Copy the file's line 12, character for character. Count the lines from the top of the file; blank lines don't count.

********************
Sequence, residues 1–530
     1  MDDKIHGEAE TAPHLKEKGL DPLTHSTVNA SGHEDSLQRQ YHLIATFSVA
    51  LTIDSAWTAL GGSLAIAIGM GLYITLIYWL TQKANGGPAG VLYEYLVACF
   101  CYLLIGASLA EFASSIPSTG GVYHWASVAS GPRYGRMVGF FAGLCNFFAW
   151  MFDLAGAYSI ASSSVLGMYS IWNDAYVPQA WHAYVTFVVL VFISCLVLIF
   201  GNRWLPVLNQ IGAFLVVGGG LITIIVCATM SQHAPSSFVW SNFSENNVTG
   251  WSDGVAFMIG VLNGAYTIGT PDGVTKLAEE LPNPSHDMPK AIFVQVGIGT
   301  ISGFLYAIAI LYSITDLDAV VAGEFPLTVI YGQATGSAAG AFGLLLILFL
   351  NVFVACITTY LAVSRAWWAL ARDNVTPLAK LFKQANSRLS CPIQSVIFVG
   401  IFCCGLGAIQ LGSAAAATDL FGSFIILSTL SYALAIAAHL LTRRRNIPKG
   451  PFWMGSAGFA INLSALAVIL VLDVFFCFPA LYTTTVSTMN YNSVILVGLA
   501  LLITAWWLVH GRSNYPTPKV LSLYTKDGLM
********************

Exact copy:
   501  LLITAWWLVH GRSNYPTPKV LSLYTKDGLM